THIS ARTICLE IS MORE THAN FIVE YEARS OLD
This article is more than five years old. Autism research — and science in general — is constantly evolving, so older articles may contain information or theories that have been reevaluated since their original publication date.
This article was originally published 13 May 2017, based on preliminary data presented at the 2017 International Meeting for Autism Research in San Francisco, California. We have updated the article following publication of a portion of the work 16 March 2018 in Brain Cognition1. Updates appear below in brackets.
An unusual brain response to sound may distinguish children with mutations in SCN2A, a leading candidate gene for autism. Researchers presented the work today at the 2017 International Meeting for Autism Research in San Francisco, California.
SCN2A codes for a channel that allows sodium ions to traverse neurons. In the past two years, it has emerged as one of the genes mostly strongly linked to autism.
The researchers characterized the effects of SCN2A mutations in 10 children. Most of the children were too severely impaired for cognitive tests, so the researchers turned to electroencephalography (EEG), a brain imaging technique that can pick up on responses to sound.
“It’s hard to have valid clinical measures in this group,” says Caitlin Hudac, a postdoctoral associate in Raphael Bernier’s lab at the University of Washington in Seattle, who presented the findings. “We’re trying to bridge the gap by looking at electrophysiology.”
The researchers outfitted the children with a flexible cap covered in tiny electrodes and played a series of tones. About 80 percent of the tones were the same; the rest varied in pitch or length. The children watched a movie, and some even fell asleep, says Hudac. Still, their brains automatically detected the tones.
The researchers plotted the EEG readings across the group to look for boosts in activity in response to the altered tones. They focused on seven children with a type of SCN2A mutation linked to autism, and compared them with their unaffected parents.
Like their parents, the children noted a change in pitch, but their response came early, suggesting they are hypersensitive to sounds.
The researchers also looked at the same measure in 102 children [and young adults] who have autism from unknown causes, and in 31 controls. This group with autism gives a stronger signal in response to the odd tones than controls do, also suggesting hypersensitivity1.
The researchers then looked at how responses to the tones varied over the course of the 14-minute experiment. Typical children need to hear a few unusual tones before they notice and respond differently to them. They eventually get used to these outliers and stop reacting.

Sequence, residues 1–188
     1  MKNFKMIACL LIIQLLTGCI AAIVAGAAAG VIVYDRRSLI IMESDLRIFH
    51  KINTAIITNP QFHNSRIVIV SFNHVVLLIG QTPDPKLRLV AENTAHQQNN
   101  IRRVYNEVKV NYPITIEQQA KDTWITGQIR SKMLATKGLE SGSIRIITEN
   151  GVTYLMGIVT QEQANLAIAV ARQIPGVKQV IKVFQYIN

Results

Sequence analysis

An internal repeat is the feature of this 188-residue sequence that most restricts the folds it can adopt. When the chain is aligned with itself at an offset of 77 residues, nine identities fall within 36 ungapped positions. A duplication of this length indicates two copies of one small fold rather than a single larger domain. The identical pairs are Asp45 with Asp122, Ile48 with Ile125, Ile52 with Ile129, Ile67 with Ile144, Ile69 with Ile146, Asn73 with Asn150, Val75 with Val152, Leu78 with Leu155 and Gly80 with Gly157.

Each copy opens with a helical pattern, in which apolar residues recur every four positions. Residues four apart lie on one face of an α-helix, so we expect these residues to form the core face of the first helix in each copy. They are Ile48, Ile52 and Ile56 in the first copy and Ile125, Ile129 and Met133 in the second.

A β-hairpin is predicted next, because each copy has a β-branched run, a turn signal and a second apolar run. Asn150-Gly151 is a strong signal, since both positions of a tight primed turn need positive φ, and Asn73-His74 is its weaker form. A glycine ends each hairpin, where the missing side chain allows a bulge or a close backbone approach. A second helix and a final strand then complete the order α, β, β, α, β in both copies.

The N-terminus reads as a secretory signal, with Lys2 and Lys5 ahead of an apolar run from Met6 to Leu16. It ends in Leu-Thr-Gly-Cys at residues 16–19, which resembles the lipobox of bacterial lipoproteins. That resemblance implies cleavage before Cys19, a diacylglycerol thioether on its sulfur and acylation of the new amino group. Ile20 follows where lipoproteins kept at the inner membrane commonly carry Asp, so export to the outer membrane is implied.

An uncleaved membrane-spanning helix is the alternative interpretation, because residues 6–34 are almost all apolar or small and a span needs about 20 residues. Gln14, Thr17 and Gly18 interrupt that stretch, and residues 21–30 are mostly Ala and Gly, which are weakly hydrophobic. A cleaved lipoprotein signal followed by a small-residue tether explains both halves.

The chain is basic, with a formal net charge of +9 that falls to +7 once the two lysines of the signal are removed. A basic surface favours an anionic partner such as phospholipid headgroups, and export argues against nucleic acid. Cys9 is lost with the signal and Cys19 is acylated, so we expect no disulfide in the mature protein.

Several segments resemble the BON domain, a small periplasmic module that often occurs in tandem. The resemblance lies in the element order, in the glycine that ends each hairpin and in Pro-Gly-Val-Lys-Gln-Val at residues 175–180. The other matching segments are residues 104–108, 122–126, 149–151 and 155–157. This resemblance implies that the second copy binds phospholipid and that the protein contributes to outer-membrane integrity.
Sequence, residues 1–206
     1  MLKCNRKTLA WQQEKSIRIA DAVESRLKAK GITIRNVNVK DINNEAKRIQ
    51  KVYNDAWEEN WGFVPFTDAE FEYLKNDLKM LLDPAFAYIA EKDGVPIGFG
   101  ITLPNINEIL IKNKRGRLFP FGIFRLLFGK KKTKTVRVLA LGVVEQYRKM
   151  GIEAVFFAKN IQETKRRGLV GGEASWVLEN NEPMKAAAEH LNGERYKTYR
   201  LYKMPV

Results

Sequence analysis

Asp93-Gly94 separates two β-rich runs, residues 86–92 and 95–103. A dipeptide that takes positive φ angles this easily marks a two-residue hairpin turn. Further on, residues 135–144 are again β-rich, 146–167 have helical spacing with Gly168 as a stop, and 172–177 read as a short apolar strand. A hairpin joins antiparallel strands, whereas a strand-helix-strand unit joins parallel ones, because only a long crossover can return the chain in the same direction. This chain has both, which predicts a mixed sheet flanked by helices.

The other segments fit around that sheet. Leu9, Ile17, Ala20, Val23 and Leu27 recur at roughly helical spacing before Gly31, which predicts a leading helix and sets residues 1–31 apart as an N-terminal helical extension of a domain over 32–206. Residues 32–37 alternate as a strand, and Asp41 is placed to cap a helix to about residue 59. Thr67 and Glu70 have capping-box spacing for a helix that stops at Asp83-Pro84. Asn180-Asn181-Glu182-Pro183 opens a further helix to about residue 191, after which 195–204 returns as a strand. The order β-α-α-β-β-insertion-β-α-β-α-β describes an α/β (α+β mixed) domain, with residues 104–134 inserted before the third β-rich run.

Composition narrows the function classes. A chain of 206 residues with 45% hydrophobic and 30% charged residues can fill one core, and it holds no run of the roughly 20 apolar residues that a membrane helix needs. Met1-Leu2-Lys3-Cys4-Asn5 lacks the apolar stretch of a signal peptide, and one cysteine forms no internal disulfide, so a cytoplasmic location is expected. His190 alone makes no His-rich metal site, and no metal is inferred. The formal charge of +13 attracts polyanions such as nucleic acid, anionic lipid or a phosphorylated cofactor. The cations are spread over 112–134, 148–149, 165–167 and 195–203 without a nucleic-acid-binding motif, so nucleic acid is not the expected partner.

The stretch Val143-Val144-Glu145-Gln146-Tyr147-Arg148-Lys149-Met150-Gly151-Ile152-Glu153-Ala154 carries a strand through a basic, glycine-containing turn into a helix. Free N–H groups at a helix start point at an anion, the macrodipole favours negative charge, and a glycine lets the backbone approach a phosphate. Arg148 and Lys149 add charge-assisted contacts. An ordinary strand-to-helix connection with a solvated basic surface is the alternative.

The children with autism but with no SCN2A mutation, by contrast, notice the odd tones right away — a feature that may contribute to their hypersensitivity. [They also take longer than controls to get used to the unusual sounds. Children with autism who often seek out noises in their environment, according to their parents, tend to take the longest to stop reacting to the outliers.]
Children with SCN2A mutations need a few tones to notice the odd ones, as typical children do.
The findings suggest that children with SCN2A mutations and those with other forms of autism are both hypersensitive to changes in tone. But the mechanism underlying the response differs.
“Children with SCN2A mutation may have a unique profile related to how they process and discriminate [sensory] information in the world and how they put all this information together,” Hudac says.
The researchers are also learning more about the nature of the mutations in SCN2A.
Hudac and colleagues found that of the 10 children they characterized, 7 have mutations that seem to impair the channel’s activity. Six of these seven children have autism, and the remaining girl has features of the condition. All seven children have intellectual disability, and three of them were too impaired to complete a test of intelligence; four of them had had seizures, but not in infancy.
The remaining three children appear to have mutations that increase the function of the channel. Two of them had seizures early in life and do not have autism. The third child is an outlier: She has autism and did not have early seizures.
The researchers will need to confirm that the girl’s mutation enhances the channel’s activity, says Stephan Sanders, assistant professor of psychiatry at the University of California, San Francisco. Sanders was not involved in the new work but led the February study.
It is most likely that the girl’s mutation in fact impairs the channel’s activity, he says. He is collaborating with Hudac and her colleagues to characterize the function of the mutations in the 10 children.
For more reports from the 2017 International Meeting for Autism Research, please click here.